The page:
A low-cost mechanical device for minimally invasive surgery

February 21, 2017, National Science Foundation
The innovation could provide more surgeons with access to a robot-like laparoscopic instrument, resulting in less trauma for patients and shorter, less painful recovery times. Credit: Austin Thomason, Michigan Photography

Surgeons can now use a new type of mechanical instrument to perform complex, minimally invasive procedures, also known as laparoscopic surgery, thanks to researchers and small business entrepreneurs funded by the National Science Foundation (NSF). The technology could lead to less trauma for patients and shorter recovery times after surgery.

According to its creators, the handheld instrument provides the same sorts of benefits as robot-assisted surgery, such as greater precision and functionality, but at a lower cost compared to existing robotic surgical systems. That lower cost could result in new capabilities for rural hospitals and other medical centers that can't afford more expensive systems. The technology is based on NSF-funded engineering research and is being commercialized by FlexDex Surgical, which has received seed money from NSF's Small Business Innovation Research (SBIR) program.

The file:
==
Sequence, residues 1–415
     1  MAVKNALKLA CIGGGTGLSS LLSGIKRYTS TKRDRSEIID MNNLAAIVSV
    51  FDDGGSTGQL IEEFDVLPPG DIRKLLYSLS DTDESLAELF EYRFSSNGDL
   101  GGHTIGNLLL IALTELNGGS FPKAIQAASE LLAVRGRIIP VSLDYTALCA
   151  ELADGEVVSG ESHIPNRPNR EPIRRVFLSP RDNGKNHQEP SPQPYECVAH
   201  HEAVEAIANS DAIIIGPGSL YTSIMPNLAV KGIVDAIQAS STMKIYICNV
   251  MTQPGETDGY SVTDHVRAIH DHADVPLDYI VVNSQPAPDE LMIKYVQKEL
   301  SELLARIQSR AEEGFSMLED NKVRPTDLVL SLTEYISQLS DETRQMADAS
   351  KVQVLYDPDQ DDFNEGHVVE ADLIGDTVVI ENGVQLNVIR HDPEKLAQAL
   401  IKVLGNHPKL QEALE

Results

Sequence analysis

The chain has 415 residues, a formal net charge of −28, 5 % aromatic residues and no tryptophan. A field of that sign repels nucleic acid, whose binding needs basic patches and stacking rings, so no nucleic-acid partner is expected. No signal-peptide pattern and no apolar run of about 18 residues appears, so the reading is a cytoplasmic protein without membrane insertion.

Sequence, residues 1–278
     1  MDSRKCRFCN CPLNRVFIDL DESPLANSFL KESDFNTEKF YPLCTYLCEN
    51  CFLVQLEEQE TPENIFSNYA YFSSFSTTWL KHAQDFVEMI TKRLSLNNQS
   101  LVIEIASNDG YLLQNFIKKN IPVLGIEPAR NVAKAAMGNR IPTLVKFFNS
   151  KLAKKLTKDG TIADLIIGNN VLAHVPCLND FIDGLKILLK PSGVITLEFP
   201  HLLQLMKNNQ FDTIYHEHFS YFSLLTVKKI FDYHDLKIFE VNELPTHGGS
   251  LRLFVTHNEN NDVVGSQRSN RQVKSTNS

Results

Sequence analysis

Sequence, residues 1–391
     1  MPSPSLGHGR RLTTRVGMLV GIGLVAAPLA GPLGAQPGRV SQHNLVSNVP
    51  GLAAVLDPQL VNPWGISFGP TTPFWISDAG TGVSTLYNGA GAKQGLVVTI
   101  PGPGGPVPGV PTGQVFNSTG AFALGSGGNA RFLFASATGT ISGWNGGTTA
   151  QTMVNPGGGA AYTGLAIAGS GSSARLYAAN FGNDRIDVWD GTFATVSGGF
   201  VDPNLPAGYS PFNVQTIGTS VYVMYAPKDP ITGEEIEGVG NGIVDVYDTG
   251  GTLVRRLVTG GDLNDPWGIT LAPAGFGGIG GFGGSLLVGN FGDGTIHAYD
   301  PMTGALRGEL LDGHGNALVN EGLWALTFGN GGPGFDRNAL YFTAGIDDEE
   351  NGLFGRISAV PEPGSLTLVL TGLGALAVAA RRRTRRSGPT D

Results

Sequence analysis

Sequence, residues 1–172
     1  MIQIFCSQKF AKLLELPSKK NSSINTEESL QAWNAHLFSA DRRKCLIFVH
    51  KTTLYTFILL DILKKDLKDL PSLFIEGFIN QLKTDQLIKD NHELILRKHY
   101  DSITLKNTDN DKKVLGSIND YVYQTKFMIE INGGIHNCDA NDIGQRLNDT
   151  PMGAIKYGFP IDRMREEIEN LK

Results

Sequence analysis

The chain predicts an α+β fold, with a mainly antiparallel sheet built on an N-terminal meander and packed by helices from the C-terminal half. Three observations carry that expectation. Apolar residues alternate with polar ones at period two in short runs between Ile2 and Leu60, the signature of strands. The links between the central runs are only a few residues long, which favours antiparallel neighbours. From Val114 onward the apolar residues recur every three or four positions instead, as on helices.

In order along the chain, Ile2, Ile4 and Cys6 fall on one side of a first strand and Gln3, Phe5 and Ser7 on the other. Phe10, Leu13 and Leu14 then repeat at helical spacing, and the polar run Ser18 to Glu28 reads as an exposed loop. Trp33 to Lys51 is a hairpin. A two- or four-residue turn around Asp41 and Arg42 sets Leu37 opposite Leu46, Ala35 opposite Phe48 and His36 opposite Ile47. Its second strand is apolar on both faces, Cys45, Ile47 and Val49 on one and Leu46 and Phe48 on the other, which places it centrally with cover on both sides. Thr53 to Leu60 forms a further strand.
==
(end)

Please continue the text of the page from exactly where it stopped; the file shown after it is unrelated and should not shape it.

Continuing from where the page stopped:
The technology gives surgeons a higher degree of dexterity and intuitive control than traditional laparoscopic instruments, according to Shorya Awtar, a University of Michigan (U-M) engineering professor who co-founded FlexDex with his U-M colleague and surgery professor, James Geiger, and entrepreneur Greg Bowles. Traditional laparoscopic instruments typically require significant training for surgeons and can be difficult and tiresome to use, leading to longer surgeries and increased healthcare costs.

"For decades, surgeons and hospital staff assumed there was a tradeoff for minimally invasive instruments. If you want affordability, you get traditional hand-held instruments. If you want functionality, you need to pay a higher price for a robotic surgery system," Awtar said. "I was convinced there was a better solution."

FlexDex Surgical received two NSF SBIR awards to develop its first product -- a needle-like instrument for laparoscopic sewing. Credit: Austin Thomason, Michigan Photography